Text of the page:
Kicking it Old School category of things. This time around, I went for Samuel R. Delany's Babel-17. I've been wanting to read something by Delany for a while now, but Dhalgren seems too intimidating and Triton seemed less accessible as a first read for an author who is new to me. So I settled on Babel-17.
In Babel-17 there's a very basic plot dilemma going on; The good guys, also known as the Earth People's Alliance, are losing a war to alien invaders. The tricky part is that the aliens are capable of communicating in a language that only they can understand, which makes it really tough for the good guys to defend themselves and plan for their enemy's next moves. Enter cosmic poetess, aikido blackbelt, star captain, and master of languages, Rydra Wong. The Earthpeople's Alliance enlists Wong in hopes that she can learn the alien language, and thus help her people win the war.
In order to do so, Wong puts together a crew to man a starship, and travels the stars dig up bits of the language and piece together meaning in hopes of helping in the war efforts. Along the way, she discovers that Babel-17 can actually alter the way a person thinks, thus making those who hear it engage in acts of sabotage and destruction.
It was pretty interesting to read Babel-17, after reading China Mieville's Embassytown, as they are both novels that explore language and how language makes people think and act. It was also interesting to see how each author took very different approaches to exploring language. It was also interesting to see how each author, despite taking separate approaches to exploring language, failed to capture my interest in the topic at hand.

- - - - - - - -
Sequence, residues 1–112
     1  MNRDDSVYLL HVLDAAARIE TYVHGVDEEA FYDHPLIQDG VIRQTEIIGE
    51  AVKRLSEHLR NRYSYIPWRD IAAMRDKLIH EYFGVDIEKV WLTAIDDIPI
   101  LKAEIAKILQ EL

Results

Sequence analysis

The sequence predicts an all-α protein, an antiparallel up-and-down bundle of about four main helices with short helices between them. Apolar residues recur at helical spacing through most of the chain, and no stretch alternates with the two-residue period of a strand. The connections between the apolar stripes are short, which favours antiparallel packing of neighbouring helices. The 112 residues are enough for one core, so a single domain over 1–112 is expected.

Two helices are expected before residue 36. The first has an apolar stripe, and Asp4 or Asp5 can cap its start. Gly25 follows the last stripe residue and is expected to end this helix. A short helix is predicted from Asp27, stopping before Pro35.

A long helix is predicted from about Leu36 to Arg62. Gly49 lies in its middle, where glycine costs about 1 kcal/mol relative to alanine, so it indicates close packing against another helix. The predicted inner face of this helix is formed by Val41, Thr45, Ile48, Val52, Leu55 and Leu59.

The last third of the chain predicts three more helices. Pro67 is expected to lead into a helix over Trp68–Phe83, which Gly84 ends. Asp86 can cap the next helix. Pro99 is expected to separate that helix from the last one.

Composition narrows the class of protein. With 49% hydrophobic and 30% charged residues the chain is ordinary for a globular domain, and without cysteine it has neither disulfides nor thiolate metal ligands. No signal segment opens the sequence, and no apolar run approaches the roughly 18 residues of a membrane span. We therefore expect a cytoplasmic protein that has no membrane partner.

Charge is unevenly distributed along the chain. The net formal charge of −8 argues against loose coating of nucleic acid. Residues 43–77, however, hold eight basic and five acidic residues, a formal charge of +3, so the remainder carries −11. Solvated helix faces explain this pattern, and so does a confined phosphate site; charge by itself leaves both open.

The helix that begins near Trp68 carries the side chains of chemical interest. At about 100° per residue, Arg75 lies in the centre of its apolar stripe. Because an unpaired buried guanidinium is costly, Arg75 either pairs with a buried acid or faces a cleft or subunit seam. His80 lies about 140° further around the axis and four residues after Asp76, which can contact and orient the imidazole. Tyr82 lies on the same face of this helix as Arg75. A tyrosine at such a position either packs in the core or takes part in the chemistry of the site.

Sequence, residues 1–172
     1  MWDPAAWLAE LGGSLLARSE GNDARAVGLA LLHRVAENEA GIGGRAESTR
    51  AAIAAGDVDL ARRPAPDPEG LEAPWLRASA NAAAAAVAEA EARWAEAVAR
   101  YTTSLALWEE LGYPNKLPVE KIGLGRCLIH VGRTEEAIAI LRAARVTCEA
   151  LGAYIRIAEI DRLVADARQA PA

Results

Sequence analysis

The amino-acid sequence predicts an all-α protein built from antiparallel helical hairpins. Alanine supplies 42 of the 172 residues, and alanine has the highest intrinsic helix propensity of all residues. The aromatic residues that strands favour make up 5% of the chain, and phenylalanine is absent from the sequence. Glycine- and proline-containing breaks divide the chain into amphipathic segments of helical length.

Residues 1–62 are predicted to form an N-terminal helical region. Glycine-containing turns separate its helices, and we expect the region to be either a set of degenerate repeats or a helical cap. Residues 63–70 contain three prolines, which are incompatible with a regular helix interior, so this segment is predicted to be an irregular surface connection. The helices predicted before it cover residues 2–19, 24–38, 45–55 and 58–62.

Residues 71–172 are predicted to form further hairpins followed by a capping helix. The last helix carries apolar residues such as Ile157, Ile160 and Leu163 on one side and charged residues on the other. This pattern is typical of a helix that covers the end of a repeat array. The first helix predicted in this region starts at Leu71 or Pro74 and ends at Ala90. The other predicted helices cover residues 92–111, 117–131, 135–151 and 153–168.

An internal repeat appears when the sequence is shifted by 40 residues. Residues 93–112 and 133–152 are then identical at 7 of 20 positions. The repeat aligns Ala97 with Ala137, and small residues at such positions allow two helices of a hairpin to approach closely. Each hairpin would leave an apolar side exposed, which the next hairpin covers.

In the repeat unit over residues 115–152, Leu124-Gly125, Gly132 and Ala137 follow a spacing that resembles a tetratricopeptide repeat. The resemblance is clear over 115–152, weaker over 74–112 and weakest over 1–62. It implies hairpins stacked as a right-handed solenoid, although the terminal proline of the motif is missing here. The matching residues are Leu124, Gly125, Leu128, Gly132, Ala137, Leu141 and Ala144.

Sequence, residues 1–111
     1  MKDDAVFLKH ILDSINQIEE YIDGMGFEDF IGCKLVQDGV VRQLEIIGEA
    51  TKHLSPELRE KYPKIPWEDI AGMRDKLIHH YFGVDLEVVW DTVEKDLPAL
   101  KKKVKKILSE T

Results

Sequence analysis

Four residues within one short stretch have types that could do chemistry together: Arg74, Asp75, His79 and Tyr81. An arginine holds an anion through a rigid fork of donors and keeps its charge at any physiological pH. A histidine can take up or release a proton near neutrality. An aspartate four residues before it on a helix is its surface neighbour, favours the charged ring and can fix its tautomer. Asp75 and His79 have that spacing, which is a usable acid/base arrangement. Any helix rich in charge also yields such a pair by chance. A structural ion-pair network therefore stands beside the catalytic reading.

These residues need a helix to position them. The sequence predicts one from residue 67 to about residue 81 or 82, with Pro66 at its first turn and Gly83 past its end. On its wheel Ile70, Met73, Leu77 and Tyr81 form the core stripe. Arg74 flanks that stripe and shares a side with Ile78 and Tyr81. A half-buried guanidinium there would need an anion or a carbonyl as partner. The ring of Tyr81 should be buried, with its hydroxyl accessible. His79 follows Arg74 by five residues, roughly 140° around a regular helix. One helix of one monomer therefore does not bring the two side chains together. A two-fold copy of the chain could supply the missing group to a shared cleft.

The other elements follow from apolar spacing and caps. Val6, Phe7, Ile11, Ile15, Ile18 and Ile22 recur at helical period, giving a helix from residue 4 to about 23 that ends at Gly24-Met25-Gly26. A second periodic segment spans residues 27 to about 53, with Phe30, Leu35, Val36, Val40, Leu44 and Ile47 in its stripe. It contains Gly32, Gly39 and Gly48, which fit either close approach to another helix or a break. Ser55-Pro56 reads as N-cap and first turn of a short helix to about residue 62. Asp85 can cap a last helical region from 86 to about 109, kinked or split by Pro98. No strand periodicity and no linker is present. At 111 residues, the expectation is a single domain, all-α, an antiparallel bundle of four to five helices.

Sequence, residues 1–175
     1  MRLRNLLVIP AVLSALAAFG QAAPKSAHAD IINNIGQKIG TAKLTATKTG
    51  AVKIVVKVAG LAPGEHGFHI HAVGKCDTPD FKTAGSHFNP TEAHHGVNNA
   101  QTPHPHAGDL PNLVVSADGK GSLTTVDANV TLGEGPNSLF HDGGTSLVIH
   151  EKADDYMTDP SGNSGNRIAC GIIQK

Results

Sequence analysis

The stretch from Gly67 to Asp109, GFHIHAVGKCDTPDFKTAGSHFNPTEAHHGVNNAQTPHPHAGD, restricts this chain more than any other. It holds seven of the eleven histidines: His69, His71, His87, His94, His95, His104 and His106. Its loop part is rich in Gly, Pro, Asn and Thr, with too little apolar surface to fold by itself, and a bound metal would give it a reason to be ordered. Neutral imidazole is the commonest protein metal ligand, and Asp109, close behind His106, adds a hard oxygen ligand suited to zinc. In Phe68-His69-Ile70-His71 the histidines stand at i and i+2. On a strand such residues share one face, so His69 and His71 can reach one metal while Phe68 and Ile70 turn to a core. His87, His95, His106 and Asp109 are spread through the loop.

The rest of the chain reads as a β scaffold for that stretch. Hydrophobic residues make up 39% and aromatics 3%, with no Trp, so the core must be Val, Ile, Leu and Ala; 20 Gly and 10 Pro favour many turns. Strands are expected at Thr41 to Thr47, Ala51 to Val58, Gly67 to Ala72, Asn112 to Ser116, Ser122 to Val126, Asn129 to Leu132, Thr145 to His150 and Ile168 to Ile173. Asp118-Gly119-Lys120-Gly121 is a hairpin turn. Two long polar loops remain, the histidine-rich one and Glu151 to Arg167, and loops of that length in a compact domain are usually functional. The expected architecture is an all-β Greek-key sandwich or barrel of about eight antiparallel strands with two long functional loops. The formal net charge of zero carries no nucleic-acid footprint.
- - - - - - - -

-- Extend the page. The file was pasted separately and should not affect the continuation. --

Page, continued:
I guess I'm just not all that into reading about language.
Though most of the best qualities of this book were overshadowed by the dullness of the subject matter, Delany did have some cool ideas. Wong wasn't my favorite character ever, not by a long shot. She was just too damn good at everything. It was kinda annoying. Perfection isn't really something I find all that interesting. Delany's vision of an intergalactic future was pretty cool though. Many of the humans all had significant body enhancements, which made them resemble human-animal hybrids, which I though was pretty cool, and body enhancements are probably a few logical steps away from tattoos and piercings.
Wong and her crew also got caught in some sort of space-time slipstream where they traveled on the edge of reality, which I found absolutely fascinating...it was sorta a hard concept to understand though and, if you couldn't tell from my description, hard to describe. But still, I enjoyed trying to wrap my brain around the concept. Delany also wrote some pretty well orchestrated action scenes, and delivered some tense moments, so even though I didn't totally enjoy this book, I have a good feeling I might click with one of his other works.
I think I'm done reading books that explore language for a while though.
Before I wrap this one up, I just want to point out that ridiculous cover. How awesomely bad is that? I'm pretty sure that his meant to Wong, and one of her crew members, but Wong wasn't a blonde-haired white woman, and I didn't really picture the altered humans looking that goofy. Anyway, this was one of my least successful Kicking it Old School reads, but I'm up for some more Delany in the future.
Grade: 6.5 Teddy Ruxpins